The Comprehensive Guide to Bibliotherapy

Bibliotherapy is a type of psychotherapy or self-help intervention that uses books as its primary mode of treatment.

It’s been used for centuries, and there is evidence to suggest that it can be an effective treatment for a variety of mental health issues.

In this article, we’ll discuss what bibliotherapy is, the benefits of the approach and some use cases for the therapy (if you’d like to learn more, check out our bibliotherapy service).

So if you’ve ever read a book and felt like it was written just for you, then read on to learn more.

Literature as Therapy

While the roots of bibliotherapy can be traced back to ancient Greece and perhaps beyond, this practice has only recently begun to gain widespread popularity in modern society.

One major reason for this increase in popularity is the rapid growth of digital literature and technology, which has made it easier than ever for people to connect with books.

In addition, many mental health professionals have embraced bibliotherapy as a powerful tool that can help treat anxiety, depression, trauma, addiction, and other debilitating conditions.

Through the combination of written words with crucial therapeutic techniques like cognitive reframing or mindfulness training, bibliotherapy has significant potential to change lives for the better.

Whether we are reading a beloved classic novel or an emotionally-charged self-help guide, we can all benefit from the healing power of books.

The Purpose of Reading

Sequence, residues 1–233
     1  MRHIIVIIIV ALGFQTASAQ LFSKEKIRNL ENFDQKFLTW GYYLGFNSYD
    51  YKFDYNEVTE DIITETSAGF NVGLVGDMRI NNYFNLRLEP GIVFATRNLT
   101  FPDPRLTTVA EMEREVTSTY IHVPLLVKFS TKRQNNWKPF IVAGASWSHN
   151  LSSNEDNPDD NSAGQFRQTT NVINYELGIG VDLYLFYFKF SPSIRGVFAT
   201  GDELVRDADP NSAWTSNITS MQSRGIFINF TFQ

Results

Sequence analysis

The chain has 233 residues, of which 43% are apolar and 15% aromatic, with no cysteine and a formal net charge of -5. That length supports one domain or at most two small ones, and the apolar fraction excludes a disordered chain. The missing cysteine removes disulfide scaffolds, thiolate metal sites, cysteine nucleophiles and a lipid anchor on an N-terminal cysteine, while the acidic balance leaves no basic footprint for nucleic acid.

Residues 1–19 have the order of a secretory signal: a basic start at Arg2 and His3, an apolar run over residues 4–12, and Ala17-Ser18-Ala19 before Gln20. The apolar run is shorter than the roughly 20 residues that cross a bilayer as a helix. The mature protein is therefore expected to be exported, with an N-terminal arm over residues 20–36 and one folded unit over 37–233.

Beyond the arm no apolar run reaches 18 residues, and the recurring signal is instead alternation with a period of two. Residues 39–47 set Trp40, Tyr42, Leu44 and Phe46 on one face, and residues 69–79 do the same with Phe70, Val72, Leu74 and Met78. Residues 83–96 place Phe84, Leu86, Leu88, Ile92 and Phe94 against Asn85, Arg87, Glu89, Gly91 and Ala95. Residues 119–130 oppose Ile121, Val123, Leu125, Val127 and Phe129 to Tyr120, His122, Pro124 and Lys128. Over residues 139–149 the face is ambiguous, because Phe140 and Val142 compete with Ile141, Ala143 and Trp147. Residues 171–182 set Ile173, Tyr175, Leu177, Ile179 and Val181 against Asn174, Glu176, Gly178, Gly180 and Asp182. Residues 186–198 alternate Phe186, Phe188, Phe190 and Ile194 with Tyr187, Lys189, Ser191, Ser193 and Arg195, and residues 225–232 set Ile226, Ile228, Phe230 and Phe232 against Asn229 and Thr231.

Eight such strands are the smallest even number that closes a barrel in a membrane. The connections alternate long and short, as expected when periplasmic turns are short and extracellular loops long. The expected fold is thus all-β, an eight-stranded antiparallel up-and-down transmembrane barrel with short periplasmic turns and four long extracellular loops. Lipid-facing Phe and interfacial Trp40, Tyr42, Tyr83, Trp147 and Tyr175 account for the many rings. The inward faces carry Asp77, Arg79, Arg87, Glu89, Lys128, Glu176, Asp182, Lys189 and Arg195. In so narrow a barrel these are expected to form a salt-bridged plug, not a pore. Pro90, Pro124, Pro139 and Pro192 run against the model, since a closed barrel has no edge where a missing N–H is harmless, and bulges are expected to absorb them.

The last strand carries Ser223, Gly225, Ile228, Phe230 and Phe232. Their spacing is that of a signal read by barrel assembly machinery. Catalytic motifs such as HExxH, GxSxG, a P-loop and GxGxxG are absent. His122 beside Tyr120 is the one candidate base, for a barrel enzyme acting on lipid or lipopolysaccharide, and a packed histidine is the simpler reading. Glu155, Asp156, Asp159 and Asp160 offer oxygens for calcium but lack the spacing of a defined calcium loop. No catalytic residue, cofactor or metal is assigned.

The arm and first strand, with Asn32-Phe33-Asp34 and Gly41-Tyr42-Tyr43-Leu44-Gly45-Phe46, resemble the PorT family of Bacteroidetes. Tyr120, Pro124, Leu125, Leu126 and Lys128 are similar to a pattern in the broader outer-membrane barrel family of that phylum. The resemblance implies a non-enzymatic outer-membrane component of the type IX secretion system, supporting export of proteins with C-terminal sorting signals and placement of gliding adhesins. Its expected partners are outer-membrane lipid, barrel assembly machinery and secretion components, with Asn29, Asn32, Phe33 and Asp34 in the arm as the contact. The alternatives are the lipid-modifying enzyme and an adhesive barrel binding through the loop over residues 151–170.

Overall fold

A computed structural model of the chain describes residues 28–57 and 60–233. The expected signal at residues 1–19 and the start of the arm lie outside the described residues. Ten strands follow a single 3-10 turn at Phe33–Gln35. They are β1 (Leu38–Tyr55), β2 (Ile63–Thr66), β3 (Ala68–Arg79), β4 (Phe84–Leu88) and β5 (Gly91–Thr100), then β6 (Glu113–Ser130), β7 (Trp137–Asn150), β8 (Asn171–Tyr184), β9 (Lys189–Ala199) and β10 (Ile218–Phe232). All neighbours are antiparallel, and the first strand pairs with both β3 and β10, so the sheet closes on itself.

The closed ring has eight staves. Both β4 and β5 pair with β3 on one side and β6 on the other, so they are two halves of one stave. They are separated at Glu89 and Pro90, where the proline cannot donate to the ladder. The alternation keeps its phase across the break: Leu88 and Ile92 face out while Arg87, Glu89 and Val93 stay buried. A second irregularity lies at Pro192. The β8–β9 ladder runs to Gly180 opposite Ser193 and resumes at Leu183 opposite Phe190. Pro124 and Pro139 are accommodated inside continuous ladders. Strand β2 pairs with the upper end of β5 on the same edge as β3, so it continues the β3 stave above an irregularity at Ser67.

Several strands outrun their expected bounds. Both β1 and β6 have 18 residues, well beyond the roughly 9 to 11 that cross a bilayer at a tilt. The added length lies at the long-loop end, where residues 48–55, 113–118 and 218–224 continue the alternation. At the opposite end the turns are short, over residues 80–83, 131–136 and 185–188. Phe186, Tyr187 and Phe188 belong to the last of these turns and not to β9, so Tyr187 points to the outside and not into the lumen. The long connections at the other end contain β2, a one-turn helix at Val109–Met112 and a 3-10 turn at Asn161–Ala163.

Bibliotherapy is an emerging therapeutic practice that uses reading and writing therapy to help individuals address various emotional, psychological and mental health issues.

When implemented correctly, it can be an incredibly effective method for helping people to work through difficult experiences, navigate challenging situations, and effectively manage their emotions.

However, the purpose of bibliotherapy is not simply limited to helping individuals find relief from their immediate symptoms or seeking a quick fix.

Instead, the ultimate goal of this therapeutic approach is to encourage individuals to reflect on the larger social, cultural, and historical contexts that shape their individual experiences in order to facilitate personal insight and change.

In this way, bibliotherapy can not only help individuals address specific psychological issues, but make them more resilient in the face of adversity and empower them in the pursuit of personal growth.


There are significant benefits of bibliotherapy:

  • Evidence suggests that bibliotherapy may be an effective treatment for anxiety, depression, and stress, while also improving self-esteem and coping skills.
  • The method has a high compliance rate with literature enthusiasts who are receptive to incorporating reading into their therapeutic healing.
  • The technique can be used in individual or group settings.
  • It can be utilised with any type of book, including fiction, non-fiction, poetry, and autobiographical titles.
  • It’s a low-cost intervention that can be performed remotely in conjunction with traditional, face-to-face therapy.

Types of Bibliotherapy

There are many different forms of bibliotherapy, each of which addresses different needs and concerns.

For example, some types of bibliotherapy use prose, poetry, or plays as tools for exploration. Other forms may involve memoirs or fictional stories, in which characters experience similar struggles to those experienced by the reader.

Additionally, some types of bibliotherapy are aimed specifically at certain populations, such as children or seniors, or focus on particular themes, such as trauma or recovery.

Ultimately, the goal of bibliotherapy is to promote healing through the power of literature.

Book Therapy Techniques

There are many different approaches to bibliotherapy, and each technique draws on different texts depending on the individual’s needs.

One approach that is commonly used with children utilizes picture books to target specific issues or emotions, as children find it easier to relate to imagery rather than concept-heavy text.